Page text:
Buyers Agent / Purchase Advisor

Buyers Agent / Purchase Advisor



For a onetime fee of $900.00 USD Kraemer Aviation Services, LLC (Harry Kraemer) will complete an online appraisal/evaluation for an unlimited number of aircraft for a period of 90 days from the date an agreement is signed.

The client will email (email to links to the aircraft that they want an appraisal/evaluation for.

This service includes advising client on an “offer” price and reviewing purchase agreements. Multiple resources will be used to determine an offer price.

The online appraisal/evaluation will include a search of the NTSB database.

All aircraft reviewed will be entered into the Market Watch section of Clients will be able to view actual sale prices, appraised prices, offers, and other price data in the market watch. Each client's aircraft will be entered in such a way that they will be able to view their aircraft with one link.

Click here for the Flymall Market Watch

Click here for a sample showing how your aircraft will be listed

Click here for our sample buyers agent agreement

Click here for some additional acquisition agreements

Detailed Information
Detailed Description
With 30 years of experience and customer satisfaction, Kraemer Aviation Services specializes in buying and selling quality airplanes. Additionally we offer aviation services from accident investigation to selling pilot supplies. Kraemer Aviation Services success in exceeding customer expectations has consistently produced a growing customer base. From locating aircraft of the highest quality to suit your every need to creating maximum exposure for aircraft you are selling, Kraemer Aviation Services works directly with customers to simplify and expedite transactions. Kraemer Aviation Services works to save customers valuable time and money.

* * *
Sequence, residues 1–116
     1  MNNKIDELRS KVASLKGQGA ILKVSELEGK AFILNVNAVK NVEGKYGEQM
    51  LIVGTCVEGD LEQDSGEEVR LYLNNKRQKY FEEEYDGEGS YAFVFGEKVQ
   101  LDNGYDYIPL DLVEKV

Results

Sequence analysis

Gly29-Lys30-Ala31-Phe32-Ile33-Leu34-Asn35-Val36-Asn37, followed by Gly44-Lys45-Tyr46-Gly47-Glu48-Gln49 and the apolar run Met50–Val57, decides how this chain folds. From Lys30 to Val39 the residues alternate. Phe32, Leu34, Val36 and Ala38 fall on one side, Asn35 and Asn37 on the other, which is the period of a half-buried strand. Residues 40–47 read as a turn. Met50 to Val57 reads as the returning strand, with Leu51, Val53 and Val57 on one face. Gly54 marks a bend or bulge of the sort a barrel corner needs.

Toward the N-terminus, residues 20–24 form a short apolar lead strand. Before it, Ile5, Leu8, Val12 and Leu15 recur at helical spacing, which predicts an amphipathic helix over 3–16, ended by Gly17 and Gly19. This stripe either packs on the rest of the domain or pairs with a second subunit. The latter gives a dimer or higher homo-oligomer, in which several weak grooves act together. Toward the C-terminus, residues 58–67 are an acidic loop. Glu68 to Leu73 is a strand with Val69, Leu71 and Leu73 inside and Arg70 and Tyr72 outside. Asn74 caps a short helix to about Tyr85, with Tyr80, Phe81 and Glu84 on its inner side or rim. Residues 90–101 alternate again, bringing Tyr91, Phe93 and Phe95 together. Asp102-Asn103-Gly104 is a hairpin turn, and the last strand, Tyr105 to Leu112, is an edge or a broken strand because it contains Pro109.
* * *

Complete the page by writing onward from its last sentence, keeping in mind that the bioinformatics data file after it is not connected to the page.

Today in Aviation History
February 26, 1952: North American test pilot George Smith becomes the first person to survive a supersonic ejection. During a test flight the controls of a production F-100A Super Sabre lock and the plane enters a near vertical dive. At an altitude of 6000 ft at Mach 1.05 (675 mph), Smith ejects. He experiences a peak 64 g from wind-drag deceleration and spends .29 sec above 20 g. Smith immediate lost consciousness and his chute deploys but with 1/3 of its panels ripped. Gravely injured he lands in the Pacific where a fishing boat finds him. Smith recovers after a long convalescence and returns to testing high performance a/c.